It is interesting to note that in the United States, The Food and Drug Administration which regulates medical device sales in that country recently moved dental implants from the Class III medical device category to the far less rigorous pre-market notification (PNS) submission level. The FDA website (www.fda.gov/cdrh) will allow those interested to study current requirements.

Regulatory agencies in all countries are only concerned with the safety and effectiveness of the products they regulate and have no interest in their commercial prospects. These agencies have become more cautious over the years having faced the tragedy of Thalidomide, the Corning breast implant, the Vitek interpostional TMJ implant and others. Lowering the barriers for dental implant market entry by eliminating pre-clinical and clinical studies is a significant indication that these devices are entering the mainstream.

Thus the single tooth implant is a justified treatment option notwithstanding the clinical challenges involved. It allows for easier daily hygiene measures than the other options mentioned and decreases the risk of decay, pulpitis and periodontitis of adjacent teeth. Patients should be given this option.

All cases illustrated were treated with the Tenax Dental Implant System.

r. Milan Somborac is the co-inventor of The Tenax Dental Implant System. He has an interest in Tenax Implant Inc.

Oral Health welcomes this original article. All cases illustrated were treated with the Tenax Dental Implant System.


1.Watson MT: Implant dentistry, a 10 year retrospective report. Dent Prod Rep Dec 25-32, 1996

2.Laney WR, Jemt T, Harris D, Henry P J, Krogh PHJ, Polizzi G, Zarb GA Herrmann I. Osseointegrated Implants for Single-Tooth Replacement: Progress Report From a Multicenter Prospective Study After 3 Years. Int J Oral Maxillofac Implants 1994;9:49-54. (Report on a 3-year cumulative success rate of 97.2%)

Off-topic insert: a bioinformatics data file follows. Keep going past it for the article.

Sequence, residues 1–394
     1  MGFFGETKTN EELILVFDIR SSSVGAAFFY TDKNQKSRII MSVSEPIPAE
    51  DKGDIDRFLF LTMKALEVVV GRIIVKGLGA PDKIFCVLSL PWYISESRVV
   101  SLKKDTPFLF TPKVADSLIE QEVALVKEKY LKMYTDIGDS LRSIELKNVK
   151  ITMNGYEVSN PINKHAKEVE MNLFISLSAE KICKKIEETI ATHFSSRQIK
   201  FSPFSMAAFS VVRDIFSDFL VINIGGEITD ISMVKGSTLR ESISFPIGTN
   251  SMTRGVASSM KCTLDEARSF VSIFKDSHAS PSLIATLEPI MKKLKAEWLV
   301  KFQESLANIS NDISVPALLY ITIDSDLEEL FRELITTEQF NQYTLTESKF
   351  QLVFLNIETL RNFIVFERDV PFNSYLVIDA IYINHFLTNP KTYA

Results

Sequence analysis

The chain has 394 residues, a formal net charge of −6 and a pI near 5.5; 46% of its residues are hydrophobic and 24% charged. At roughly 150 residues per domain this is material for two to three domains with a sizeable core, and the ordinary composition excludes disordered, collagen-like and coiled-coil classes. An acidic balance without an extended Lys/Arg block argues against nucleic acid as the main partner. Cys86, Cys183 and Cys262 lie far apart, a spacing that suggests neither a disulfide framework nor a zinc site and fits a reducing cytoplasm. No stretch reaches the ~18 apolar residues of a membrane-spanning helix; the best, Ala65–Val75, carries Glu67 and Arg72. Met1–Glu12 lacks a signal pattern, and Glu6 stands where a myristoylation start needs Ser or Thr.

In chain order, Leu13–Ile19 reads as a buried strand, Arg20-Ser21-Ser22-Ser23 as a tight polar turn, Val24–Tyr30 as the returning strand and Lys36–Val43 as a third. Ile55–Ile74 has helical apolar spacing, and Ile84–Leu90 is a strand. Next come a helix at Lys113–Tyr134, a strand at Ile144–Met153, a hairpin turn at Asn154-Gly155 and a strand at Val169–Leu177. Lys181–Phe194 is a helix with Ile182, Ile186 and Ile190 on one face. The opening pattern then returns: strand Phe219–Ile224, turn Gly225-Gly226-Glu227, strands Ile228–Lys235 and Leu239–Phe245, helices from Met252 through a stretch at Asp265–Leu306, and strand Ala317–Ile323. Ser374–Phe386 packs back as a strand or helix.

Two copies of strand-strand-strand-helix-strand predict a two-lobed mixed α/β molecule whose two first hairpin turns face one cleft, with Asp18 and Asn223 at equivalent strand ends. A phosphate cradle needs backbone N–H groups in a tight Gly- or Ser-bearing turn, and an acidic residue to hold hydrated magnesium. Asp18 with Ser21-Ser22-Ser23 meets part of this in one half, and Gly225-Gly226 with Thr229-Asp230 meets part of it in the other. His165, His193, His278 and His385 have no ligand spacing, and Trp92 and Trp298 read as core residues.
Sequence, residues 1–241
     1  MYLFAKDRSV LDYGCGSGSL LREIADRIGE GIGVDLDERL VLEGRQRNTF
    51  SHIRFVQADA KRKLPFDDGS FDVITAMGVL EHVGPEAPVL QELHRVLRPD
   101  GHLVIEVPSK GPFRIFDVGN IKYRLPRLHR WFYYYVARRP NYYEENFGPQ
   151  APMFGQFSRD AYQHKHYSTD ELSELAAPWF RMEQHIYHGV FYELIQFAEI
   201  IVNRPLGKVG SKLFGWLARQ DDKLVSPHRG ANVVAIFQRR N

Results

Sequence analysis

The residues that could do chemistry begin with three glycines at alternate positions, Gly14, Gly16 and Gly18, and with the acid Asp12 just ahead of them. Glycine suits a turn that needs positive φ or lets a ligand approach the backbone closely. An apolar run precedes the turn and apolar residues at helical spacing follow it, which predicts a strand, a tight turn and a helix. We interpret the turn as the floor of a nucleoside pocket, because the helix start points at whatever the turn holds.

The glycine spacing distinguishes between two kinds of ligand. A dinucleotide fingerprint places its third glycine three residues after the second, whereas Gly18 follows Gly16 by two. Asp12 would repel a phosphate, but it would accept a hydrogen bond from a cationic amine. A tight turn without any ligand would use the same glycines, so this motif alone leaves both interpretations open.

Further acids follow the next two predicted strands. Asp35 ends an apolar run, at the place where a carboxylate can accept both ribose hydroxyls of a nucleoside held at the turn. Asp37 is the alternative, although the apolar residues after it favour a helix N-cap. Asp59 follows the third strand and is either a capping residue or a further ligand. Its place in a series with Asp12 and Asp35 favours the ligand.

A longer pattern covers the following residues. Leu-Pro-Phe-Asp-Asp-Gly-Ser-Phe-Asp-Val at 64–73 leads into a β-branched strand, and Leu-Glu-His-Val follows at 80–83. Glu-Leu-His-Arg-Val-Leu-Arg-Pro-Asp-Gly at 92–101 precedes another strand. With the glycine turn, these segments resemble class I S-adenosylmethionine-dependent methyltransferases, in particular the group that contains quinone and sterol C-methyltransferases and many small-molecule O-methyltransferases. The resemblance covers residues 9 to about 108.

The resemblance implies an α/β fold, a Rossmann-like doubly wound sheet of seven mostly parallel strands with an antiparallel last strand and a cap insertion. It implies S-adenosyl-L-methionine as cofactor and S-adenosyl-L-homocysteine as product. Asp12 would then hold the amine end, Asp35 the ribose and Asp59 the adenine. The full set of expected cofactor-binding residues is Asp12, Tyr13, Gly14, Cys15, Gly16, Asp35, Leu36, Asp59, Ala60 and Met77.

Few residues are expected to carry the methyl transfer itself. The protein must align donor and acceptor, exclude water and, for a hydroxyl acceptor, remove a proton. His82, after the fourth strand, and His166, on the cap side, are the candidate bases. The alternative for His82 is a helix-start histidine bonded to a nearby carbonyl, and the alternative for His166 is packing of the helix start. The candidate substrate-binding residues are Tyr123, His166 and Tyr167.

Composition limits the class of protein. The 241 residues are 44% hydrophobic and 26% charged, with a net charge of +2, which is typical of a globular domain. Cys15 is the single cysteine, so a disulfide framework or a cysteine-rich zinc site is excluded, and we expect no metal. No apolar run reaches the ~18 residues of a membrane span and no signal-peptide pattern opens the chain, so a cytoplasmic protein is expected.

3.Asavanant S, Jameson LM, Hesby RA. Single osseointegrated prostheses. Int J Prosthodont 1988;1:291-296.

4.Jemt T. A 3-year follow-up study of early single implant restorations ad modum Brnemark. Int J Periodont Rest Dent 1990;10:340-349.

5.Schmitt A, Zarb GA. The longitudinal clinical effectiveness of osseointegrated dental implants for single-tooth replacement. Int J Prosthodont 1993;6:197-202.

6.Jemt T, Petterson P. A 3-year follow-up study on single implant treatment. J Dent Res 1993;21:203-208.

7.Jemt T, Laney WR, Harris D, Henry PJ, Krogh PHJ Jr, Polizzi G, Zarb GA, Herrmann I. Osseointegrated implants for single-tooth replacement: A 1-year report from a multicenter prospective study. Int J Oral Maxillofac Implants 1991

8.Schillingburg HT, Hobo S, Whitsett LD et al: Fundamentals of fixed prosthodontics, ed 3, Chicago, 1997, Quintessence

9.Hansson O:Clinical results with resin bonded prostheses and an adhesive cement, Quintessence Int 25:125-132, 1994

10.Cheung GSP, Dimmer A, Mellor R et al: A clinical evaluation of conventional bridgework, J Oral Rehabil 17:131-136

11.Walton JN, Gardner FM, Agar JR: A survey of crown and fixed partial denture failures, length of service and reasons for replacement, J Prosthet Dent 56:416-421, 1986

12.Jemt T, Lekholm U, Grondhal K: Three year follow up study of early single implant restorations ad modum Branemark, Int J Perio Rest Dent 10:340-349, 1990

13.Schmitt A, Zarb GA: The longitudinal clinical effectiveness of osseointegrated dental implants for single tooth replacement Int J Prosthodont 6:187-202, 1993

14.Ekfeldt A, Carlsson L, Borgesson G: Clinical evaluation of single tooth restorations supported by osseointegrated implants. A retrospective study, Int J Oral Maxillofac Impl 9(2):179-183, 1994

* Dental Education Seminars. A Division of Seminar Marketing Services of Don Mills, ON